Moqtada al-Sadr and Abdel Aziz al-Hakim agree deal aimed at ending years of rivalry.
In September, 30 members of the Sadrist party relinquished their seats in parliament when Nuri al-Maliki, Iraq‘s prime minister, refused to set down a timetable for US troop withdrawal.
Al-Sadr’s bloc was key in bringing al-Maliki into power especially in their then common agenda to release Iraq “out of the hands of occupation” but their support quickly waned for the leader they now see as pro-US.
Al-Obaidi said: “When we discerned that al-Maliki is depending upon American support in his work within the Iraqi scene, we decided that working and helping such a government is not helpful for the Iraqis.”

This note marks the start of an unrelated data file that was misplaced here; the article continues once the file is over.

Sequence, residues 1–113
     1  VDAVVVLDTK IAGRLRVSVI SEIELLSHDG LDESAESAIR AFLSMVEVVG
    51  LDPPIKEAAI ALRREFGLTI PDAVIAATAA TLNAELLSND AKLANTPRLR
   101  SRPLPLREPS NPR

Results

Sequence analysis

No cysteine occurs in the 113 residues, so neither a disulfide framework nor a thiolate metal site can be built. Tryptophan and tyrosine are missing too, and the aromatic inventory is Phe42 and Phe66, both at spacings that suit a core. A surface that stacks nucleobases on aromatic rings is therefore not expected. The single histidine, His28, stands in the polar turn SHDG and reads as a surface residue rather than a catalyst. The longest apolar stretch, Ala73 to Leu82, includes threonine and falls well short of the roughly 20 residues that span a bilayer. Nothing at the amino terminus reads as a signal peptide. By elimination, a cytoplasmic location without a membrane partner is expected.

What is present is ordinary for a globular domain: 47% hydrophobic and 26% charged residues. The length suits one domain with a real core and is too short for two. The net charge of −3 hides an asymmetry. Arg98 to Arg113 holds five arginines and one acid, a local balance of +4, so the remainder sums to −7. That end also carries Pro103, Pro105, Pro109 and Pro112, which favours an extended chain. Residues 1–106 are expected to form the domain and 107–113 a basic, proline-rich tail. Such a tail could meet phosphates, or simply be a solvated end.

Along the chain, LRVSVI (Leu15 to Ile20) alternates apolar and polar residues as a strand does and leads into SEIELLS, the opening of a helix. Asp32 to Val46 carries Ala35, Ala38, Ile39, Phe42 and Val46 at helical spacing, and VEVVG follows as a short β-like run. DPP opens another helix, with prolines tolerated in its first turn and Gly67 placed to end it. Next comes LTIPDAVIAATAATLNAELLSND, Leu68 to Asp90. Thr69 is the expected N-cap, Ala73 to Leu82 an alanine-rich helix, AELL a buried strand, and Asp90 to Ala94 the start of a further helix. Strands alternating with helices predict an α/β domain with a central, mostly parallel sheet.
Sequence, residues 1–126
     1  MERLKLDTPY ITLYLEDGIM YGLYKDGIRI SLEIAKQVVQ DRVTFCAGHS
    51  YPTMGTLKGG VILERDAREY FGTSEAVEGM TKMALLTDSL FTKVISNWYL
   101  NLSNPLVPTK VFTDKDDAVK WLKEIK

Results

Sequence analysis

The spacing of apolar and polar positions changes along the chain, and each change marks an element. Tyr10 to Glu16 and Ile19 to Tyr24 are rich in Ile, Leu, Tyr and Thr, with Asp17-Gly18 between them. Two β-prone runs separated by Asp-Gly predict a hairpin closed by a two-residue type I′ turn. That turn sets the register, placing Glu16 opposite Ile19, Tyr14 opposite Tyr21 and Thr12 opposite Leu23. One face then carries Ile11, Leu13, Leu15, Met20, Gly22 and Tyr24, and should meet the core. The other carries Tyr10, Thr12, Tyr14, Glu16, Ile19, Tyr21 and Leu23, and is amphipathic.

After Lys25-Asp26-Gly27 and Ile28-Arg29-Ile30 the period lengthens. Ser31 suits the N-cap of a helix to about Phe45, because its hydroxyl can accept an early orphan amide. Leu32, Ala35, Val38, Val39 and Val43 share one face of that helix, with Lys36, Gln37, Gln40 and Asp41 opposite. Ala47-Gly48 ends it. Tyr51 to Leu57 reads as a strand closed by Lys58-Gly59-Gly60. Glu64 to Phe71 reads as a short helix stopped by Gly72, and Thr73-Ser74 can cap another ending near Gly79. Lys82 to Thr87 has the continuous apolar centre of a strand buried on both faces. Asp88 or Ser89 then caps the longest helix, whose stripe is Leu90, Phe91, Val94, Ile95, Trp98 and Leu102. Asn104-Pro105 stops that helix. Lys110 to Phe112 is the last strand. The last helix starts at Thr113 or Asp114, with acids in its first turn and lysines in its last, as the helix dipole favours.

Al-Sadr, who is also the leader of the Mahdi Army militia, announced a six-month truce in October in an attempt top stop rising sectarian and inter-Shia violence.
When asked about the current status of the truce, al-Obaidi said: “The ceasefire is continuing and maybe it will go to another period after six months.
“But it all depends on the actions and reactions of the [Iraqi] government, the local governorates and the American troops against us.”
Al-Obaidi’s comments came as Iraqi legislators suspended parliamentary sessions until the end of the month because of the Muslim religious season.
Mahmoud al-Mashhadani, a Sunni parliamentary speaker, announced on Thursday the decision to suspend sessions after days of debate over a draft bill that would allow thousands of former members of Saddam Hussein’s Baath Party to return to their government jobs.
The measure is among the 18 benchmarks set by the US to encourage reconciliation.
Al-Mashhadani said the legislative body would not hold another session until the end of December because many politicians would be travelling to Mecca, Saudi Arabia, for the annual Islamic pilgrimage.